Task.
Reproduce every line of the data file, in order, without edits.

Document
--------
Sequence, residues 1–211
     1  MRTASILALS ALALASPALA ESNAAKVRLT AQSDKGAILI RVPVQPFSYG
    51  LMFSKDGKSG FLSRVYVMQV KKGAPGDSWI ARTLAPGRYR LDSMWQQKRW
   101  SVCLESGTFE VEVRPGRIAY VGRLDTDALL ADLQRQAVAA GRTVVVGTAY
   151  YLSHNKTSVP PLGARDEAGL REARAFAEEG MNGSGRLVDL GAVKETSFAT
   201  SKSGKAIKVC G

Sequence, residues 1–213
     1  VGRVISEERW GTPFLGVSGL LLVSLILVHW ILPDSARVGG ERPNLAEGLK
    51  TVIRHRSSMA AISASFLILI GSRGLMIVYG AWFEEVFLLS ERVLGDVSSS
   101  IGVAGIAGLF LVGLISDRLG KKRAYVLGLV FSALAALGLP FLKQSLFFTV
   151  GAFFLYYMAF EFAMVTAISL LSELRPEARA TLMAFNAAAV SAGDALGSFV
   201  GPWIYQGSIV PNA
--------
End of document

Sequence, residues 1–211
     1  MRTASILALS ALALASPALA ESNAAKVRLT AQSDKGAILI RVPVQPFSYG
    51  LMFSKDGKSG FLSRVYVMQV KKGAPGDSWI ARTLAPGRYR LDSMWQQKRW
   101  SVCLESGTFE VEVRPGRIAY VGRLDTDALL ADLQRQAVAA GRTVVVGTAY
   151  YLSHNKTSVP PLGARDEAGL REARAFAEEG MNGSGRLVDL GAVKETSFAT
   201  SKSGKAIKVC G

Sequence, residues 1–213
     1  VGRVISEERW GTPFLGVSGL LLVSLILVHW ILPDSARVGG ERPNLAEGLK
    51  TVIRHRSSMA AISASFLILI GSRGLMIVYG AWFEEVFLLS ERVLGDVSSS
   101  IGVAGIAGLF LVGLISDRLG KKRAYVLGLV FSALAALGLP FLKQSLFFTV
   151  GAFFLYYMAF EFAMVTAISL LSELRPEARA TLMAFNAAAV SAGDALGSFV
   201  GPWIYQGSIV PNA